"They wouldn't tell us why they said guilty," the juror said. "They came up with really bad reasons, but most of the time it was 'I don't have to tell you. I don't even need a reason. I can just say he's guilty because I think he's guilty, and that's all'."

Both Ron and another juror interviewed in the 100-minute documentary said that prosecutors tried to pressure them to convict my father by essentially telling them, "Use your common sense." Actual proof was an afterthought.

The case against my father was predicated in large part on thousands of hours of conversations, most of which were presented out of context. Soon after deliberations began, according to Ron, most of the jurors realized "the State hadn't met its own standards" for conviction.

The documentary USA vs. Al-Arian , depicts my father's trial, documenting everything from the bomb-sniffing dogs hired to provide security outside the courthouse to the sensationalistic and often woefully inadequate news coverage of the case. One local television reporter confidently summarized my father's case as one about the conflict between "Palestinians and Israelites."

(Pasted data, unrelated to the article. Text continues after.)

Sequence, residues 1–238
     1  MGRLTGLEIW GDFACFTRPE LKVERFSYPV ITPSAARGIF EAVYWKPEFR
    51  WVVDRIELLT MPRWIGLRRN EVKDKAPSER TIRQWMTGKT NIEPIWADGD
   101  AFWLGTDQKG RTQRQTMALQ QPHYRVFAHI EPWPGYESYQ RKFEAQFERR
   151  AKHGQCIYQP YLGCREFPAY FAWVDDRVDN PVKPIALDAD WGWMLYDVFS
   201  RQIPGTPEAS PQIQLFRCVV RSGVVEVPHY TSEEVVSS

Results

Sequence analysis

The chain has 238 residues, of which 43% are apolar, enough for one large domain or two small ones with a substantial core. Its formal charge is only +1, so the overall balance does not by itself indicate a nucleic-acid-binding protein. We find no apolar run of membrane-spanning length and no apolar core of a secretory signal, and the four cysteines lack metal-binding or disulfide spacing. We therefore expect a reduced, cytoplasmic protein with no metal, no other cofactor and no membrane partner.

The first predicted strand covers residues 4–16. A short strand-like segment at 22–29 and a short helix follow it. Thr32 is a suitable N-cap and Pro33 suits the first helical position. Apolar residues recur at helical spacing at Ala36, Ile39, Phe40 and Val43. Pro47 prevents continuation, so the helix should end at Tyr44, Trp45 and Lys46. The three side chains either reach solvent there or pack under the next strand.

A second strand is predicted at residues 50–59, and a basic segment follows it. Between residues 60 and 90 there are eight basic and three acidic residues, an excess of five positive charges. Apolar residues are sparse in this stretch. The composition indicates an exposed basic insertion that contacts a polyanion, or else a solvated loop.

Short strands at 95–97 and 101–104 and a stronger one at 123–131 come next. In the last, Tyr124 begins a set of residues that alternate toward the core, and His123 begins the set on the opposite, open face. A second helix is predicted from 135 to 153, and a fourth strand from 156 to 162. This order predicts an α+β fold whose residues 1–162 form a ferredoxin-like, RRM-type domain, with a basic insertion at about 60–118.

For several months, my family gave Norwegian director Line Halvorsen and her cinematographer Tone Andersen, total access to our lives. Though my siblings and I sometimes complained about the constant presence of cameras, which felt like extra eyes scrutinizing us during an emotionally turbulent time, my mother felt differently. She believed there should be a permanent record of the collateral damage of the U.S. government's misguided war on terror. At times, the project seemed like a bizarre version of The Real World directed by Franz Kafka. Though I've seen the film dozens of times, some scenes, such as those in which my mother breaks down in tears, are still difficult to digest.

(USA v. Al-Arian will be showing at Washington, D.C.'s Uptown Theater on December 5 and will be followed by a panel discussion led by Democracy Now! host Amy Goodman. You can watch a preview here.)